This past April I wrote a piece criticizing the religious portal site Beliefnet for a news item that conflated the recent Cornwall controversy over teaching Paganism in religious education classes with the troubling trend of witch-hunts and witch-killings in places like Africa and the Middle East. The article, written by Beliefnet Senior Editor Rob Kerby, not only drew criticism from me, but from Beliefnet’s only Pagan blogger, Gus diZerega, and several Pagans who commented on the original article at Beliefnet. It also inspired a response from Evangelical Christians Paul Louis Metzger and John W. Morehead. “Those in Pagan circles have responded strongly to the piece, and with good reason. Kerby provides no solid substantiation for his claims, demonstrates a lack of familiarity with the spiritual practices and beliefs he critiques, and as a result, the piece creates fear and suspicion of witchcraft (and broader Paganism as well). While Christians have often accused Paganism of superstition, the irony is that the Christian community has often approached Paganism superstitiously.
[The following is a guest post from Paul Louis Metzger and John W. Morehead. Paul Louis Metzger, Ph.D. is Professor of Christian Theology and Theology of Culture at Multnomah Biblical Seminary/Multnomah University; Charter Member, Evangelical Chapter of the Foundation for Religious Diplomacy. John W. Morehead is Director, Western Institute for Intercultural Studies; Director, Evangelical Chapter of the Foundation for Religious Diplomacy.]
Rob Kerby, Senior Editor at beliefnet, wrote a recent article titled “What can the Third World teach us about witchcraft?.” This has resulted in the concern of and critique by Pagans, but it should also interest those in other religious communities. We are practicing Evangelical Christians, and we are very interested in what Christians and Pagans have to say about one another in hopes of light being shed on our respective spiritual pathways. Unfortunately, misunderstanding, misrepresentation, and hostility have been characteristic traits of our exchanges throughout history. In our minds, Kerby’s article only intensified this problem. After reading the Kerby article, we are left wondering what the piece teaches us about witchcraft.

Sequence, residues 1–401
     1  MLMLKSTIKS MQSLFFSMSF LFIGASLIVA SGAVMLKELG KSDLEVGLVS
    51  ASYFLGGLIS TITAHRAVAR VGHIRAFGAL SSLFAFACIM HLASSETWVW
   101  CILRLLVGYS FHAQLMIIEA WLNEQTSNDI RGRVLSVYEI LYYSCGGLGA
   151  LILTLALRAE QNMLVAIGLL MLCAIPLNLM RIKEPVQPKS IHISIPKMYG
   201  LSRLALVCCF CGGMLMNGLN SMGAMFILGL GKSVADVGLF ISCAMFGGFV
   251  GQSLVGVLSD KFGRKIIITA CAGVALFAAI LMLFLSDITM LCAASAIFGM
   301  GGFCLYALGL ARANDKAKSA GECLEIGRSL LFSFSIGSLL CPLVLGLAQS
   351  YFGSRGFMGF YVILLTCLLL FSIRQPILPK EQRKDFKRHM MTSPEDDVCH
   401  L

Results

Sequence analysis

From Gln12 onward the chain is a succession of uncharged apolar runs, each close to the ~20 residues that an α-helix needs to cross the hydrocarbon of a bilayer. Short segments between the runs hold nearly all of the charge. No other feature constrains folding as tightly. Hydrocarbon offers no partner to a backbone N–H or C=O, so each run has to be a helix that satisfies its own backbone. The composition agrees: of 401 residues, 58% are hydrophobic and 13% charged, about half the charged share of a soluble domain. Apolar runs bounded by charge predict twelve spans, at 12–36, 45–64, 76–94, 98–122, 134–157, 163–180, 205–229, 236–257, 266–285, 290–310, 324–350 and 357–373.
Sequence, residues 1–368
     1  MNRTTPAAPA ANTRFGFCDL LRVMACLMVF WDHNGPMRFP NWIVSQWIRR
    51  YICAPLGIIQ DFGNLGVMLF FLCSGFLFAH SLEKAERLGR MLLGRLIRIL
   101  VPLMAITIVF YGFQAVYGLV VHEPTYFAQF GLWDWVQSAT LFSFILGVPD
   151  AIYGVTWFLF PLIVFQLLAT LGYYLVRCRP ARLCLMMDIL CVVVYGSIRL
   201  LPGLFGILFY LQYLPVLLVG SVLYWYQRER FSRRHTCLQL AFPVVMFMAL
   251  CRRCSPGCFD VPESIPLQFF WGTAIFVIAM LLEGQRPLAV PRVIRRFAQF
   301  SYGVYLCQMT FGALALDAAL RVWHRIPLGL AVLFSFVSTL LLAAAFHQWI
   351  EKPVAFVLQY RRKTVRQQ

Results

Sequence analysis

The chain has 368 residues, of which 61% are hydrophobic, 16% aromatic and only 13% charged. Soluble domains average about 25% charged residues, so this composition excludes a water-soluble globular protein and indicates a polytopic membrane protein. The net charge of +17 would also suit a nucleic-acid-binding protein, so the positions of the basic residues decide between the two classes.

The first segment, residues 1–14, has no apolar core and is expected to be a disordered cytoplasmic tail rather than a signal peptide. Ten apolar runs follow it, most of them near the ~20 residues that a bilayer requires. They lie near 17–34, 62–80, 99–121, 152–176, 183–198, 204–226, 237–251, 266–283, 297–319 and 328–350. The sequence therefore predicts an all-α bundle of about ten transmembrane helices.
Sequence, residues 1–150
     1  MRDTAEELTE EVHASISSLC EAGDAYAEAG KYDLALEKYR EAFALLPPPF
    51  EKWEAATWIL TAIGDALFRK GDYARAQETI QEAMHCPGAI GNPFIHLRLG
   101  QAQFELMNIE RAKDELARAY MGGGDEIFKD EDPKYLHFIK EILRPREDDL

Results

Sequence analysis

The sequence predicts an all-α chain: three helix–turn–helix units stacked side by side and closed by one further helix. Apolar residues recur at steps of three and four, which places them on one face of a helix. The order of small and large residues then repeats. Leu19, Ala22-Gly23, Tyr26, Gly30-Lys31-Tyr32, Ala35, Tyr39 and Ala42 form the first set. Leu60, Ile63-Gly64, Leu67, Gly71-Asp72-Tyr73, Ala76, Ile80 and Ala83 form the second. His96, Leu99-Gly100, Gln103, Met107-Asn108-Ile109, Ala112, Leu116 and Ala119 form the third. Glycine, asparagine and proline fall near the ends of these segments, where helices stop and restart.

For several years I’ve been asking the question of what do we do when the men and women accused of “sorcery” and “witchcraft” are no longer “over there” in Africa or the Middle East, and are instead at our doorsteps. “If this trend isn’t seriously addressed soon, we may find this madness turning its eye towards “safe” occultists and Pagans in places like America, the UK, Australia, Brazil, and Canada.” Now, with the UK still reeling over the murder of Kristy Bamu, who died while being tortured under the auspices of an “exorcism” at his sister’s home, and British police being trained to spot cases of sorcery among immigrant communities, some Christian writers have seized on a largely constructed controversy over religious education in Cornwall to cynically launch attacks on modern Paganism. First out of the gate was Catholic Telegraph columnist Christina Odone, whose anti-Pagan screed I recently highlighted on this blog. “God, Gaia, whatever: school children are already as familiar with the solstice as with the sacraments.
A good news blogger will often try to spot trends and underlying issues in the stories of the day, using the strengths of the format to make links, provide more depth, and uncover nuances overlooked in the big headlines. However, sometimes a writer will commit the car-crash equivalent of same, using keywords and lazy cut-pasting to score pageviews for his or her employer. I believe the second scenario happened on Monday when Beliefnet Senior Editor Rob Kerby carelessly conflated the recent Cornwall controversy over teaching Paganism in religious education classes with the troubling trend of witch-hunts and witch-killings in places like Africa and the Middle East. “A fear of witchcraft? In our enlightened age?